Hurts, Somerset House, London

As night darkens, this elegant quadrangle looks even more like the set for Ultravox's "Vienna" video, an effect not entirely spoiled on stage by a pair of flag-wavers dressed as sepulchral figures from Joy Division's film for "Atmosphere".

Then the pair themselves emerge dressed like Heaven 17 in their yuppie-inspired days ready to unleash the icy washes of "Silver Lining". The Mancunian duo certainly seem at home, especially vocalist Theo Hutchcraft. While Adam Anderson plays elegant piano figures, he throws himself across the stage as if Hurts had filled an arena.

That is something they are already preparing for in central Europe, where their old romantic, classical touches have earned them a wider following than at home. Originally dismissed as mere Eighties throwbacks in the manner of La Roux, Hurts' album, Happiness, has steadily reached gold in the UK, while gaining platinum status in Germany.

So now they come with a full band that boasts strings and a sax player, plus a pair of dancers and an opera singer. The overall effect takes them a step away from new-romantic clichés, emphasising instead their nods to "Barcelona"-style pop/opera crossovers and – when the massed choir samples come in – Soviet patriotic song. What is missing, though, is the high camp of Europop mainstays Army of Lovers or the wit of the Pet Shop Boys.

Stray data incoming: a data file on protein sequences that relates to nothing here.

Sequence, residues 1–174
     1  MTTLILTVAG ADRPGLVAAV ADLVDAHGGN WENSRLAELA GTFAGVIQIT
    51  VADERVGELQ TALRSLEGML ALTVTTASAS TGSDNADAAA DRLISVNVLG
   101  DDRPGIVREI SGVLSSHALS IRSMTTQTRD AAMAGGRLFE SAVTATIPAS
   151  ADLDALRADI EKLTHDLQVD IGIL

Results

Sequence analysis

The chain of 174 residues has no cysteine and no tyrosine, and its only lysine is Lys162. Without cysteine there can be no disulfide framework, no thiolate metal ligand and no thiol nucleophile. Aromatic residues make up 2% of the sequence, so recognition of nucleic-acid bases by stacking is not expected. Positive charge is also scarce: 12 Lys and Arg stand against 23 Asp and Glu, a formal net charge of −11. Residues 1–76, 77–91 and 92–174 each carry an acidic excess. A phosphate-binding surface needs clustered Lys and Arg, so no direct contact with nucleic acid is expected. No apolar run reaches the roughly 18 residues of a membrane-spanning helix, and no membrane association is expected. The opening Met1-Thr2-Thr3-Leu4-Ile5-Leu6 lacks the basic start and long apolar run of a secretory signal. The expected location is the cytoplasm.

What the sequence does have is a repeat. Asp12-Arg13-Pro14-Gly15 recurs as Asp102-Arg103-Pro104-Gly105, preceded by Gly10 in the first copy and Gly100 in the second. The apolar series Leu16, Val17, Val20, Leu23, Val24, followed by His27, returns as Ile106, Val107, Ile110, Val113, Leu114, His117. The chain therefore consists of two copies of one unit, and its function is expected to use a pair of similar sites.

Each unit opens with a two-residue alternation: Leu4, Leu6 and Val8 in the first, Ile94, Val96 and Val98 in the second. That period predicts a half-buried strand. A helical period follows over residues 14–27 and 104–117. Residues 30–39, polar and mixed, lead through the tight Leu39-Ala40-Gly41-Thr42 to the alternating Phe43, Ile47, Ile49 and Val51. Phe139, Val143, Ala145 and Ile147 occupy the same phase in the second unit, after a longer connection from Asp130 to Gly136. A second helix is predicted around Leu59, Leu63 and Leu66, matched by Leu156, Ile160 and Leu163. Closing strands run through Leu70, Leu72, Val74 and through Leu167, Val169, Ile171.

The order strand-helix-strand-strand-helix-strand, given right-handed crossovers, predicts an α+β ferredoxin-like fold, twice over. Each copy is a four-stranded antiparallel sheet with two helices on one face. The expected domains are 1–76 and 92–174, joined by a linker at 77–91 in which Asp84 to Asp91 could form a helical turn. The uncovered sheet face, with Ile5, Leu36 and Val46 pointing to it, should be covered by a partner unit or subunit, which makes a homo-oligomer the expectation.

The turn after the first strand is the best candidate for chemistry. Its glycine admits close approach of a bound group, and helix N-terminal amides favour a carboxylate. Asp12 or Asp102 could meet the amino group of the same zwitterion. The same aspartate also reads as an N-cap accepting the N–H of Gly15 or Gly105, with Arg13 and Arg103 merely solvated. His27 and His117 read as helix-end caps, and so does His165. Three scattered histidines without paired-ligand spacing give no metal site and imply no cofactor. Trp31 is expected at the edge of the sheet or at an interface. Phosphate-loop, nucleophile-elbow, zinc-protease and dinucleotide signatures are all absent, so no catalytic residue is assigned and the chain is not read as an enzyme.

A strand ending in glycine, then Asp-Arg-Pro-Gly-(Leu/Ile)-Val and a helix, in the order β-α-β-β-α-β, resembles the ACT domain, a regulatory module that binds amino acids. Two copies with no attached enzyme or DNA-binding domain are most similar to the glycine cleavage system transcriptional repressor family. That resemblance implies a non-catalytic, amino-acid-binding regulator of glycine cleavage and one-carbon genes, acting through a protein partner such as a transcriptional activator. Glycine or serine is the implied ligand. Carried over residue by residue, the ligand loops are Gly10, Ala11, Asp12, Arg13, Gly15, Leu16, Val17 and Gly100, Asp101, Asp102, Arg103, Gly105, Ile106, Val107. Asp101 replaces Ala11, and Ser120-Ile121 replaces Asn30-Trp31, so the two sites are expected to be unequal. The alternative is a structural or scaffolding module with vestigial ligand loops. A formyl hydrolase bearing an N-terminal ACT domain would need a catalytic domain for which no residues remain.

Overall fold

Achingly earnest, Hurts come across as Lexicon of Love-era ABC – but without the humour. "We're just two boys from Manchester who wrote these songs on the dole," Hutchcraft tells us. At least that explains all the references to rain. Yet the duo's writing creaks under the strain of maintaining such a dramatic pitch, as on "Devotion", where the singer battles against a disembodied choir and a wheezing drum loop.

They are far more compelling when they rely on up-to-date, techno production, rather than orchestral flourishes. Propelled by a clanking, Sheffield-forge rhythm, the euphoric "Better Than Love" makes a fine end to the set, while another highlight is "Stay", with its quiet verse and immense chorus that would have Take That breaking more records. Hurts lack their fellow northerners' charisma, but aware of such limitations, bring a show with unintentionally amusing moments to hide their deficiencies. A look to the future, though, would also help.

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